Even before the Corona crisis, carve-out transactions enjoyed great popularity and had become for private equity funds and corporations one of the most important means to create values for their stakeholders. The COVID-19 pandemic, environmental, social and corporate governance (ESG) goals as well as the worldwide supply chain crisis have further boosted this development and forced companies to put their existing business strategies on scrutiny. We expect this trend to continue and even intensify in 2022.
From a pure technical point of view, carve-outs mean the separation of business units, subsidiaries and/or business lines from a larger company or companies. They usually are launched ahead of, or in parallel with, divestitures. The carve-out unit may be divested either directly to financial and/or strategic investors via a trade sale or indirectly to various investors via an IPO. In some cases, corporates may also decide to create value by transferring the carve-out unit to existing shareholders of the company.
The reasons for carve-outs can be quite different: Some companies want to refocus on their core business, while others want to divest business units that are falling short of their economic expectations or no longer fit the business strategy. Often, however, it is also a matter of fresh capital needed to foster the growth of strategic areas, to improve the financial situation and/or to drive the (digital) transformation of their operations and businesses.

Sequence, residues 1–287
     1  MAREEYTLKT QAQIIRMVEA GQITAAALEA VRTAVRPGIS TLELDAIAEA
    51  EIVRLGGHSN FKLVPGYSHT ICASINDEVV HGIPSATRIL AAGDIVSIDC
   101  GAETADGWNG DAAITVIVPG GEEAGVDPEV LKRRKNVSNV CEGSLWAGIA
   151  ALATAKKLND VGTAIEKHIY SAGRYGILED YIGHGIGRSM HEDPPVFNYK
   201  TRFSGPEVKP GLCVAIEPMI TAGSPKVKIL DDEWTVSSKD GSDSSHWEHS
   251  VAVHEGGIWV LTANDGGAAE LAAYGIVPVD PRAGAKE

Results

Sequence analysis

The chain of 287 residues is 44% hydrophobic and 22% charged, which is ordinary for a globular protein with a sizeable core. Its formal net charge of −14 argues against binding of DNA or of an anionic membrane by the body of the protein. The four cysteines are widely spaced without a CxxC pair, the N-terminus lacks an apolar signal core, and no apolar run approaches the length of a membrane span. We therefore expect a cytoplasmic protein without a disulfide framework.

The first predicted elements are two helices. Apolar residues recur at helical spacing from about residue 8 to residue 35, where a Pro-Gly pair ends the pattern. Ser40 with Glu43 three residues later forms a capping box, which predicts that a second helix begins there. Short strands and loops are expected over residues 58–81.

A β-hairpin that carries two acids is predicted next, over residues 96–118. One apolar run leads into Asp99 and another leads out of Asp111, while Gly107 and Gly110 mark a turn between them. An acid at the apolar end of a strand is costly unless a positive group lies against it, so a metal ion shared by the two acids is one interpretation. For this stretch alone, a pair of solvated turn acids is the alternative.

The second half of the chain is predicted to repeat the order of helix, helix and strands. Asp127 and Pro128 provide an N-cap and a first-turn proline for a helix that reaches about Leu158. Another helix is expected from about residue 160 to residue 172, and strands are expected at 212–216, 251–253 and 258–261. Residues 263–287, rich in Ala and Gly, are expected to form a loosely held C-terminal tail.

More recently, also ESG goals have been driving private equity funds and corporations to transform their business strategies and divest businesses that do no longer comply with their sustainability values.
Whatever the reasons are, carve-out deals can be extremely complex. It is fair to say that the more integrated the carve-out unit is with the rest of the company, the more complex the separation process. Often, organisational, legal, tax, accounting, technical and financial issues need to be addressed simultaneously, and often across different business functions, countries and cultures. The result can be a flurry of micro-milestones and metrics that must be considered and coordinated during a process that typically spans six to twelve months (and sometimes even longer).
A fundamental prerequisite for a successful carve-out deal is therefore good and early preparation and planning that also adequately covers the main legal issues, which may have a significant impact on time and costs and thus on value creation.
For the success of carve-out deals, it is thus also of crucial importance to identify the legal implications of the contemplated carve-out at an early stage. This enables private equity funds and corporations to identify potential pitfalls and material issues at an early stage and, if necessary, to take appropriate countermeasures in order to implement the carve-out without major surprises within a realistic timeline and at reasonable cost.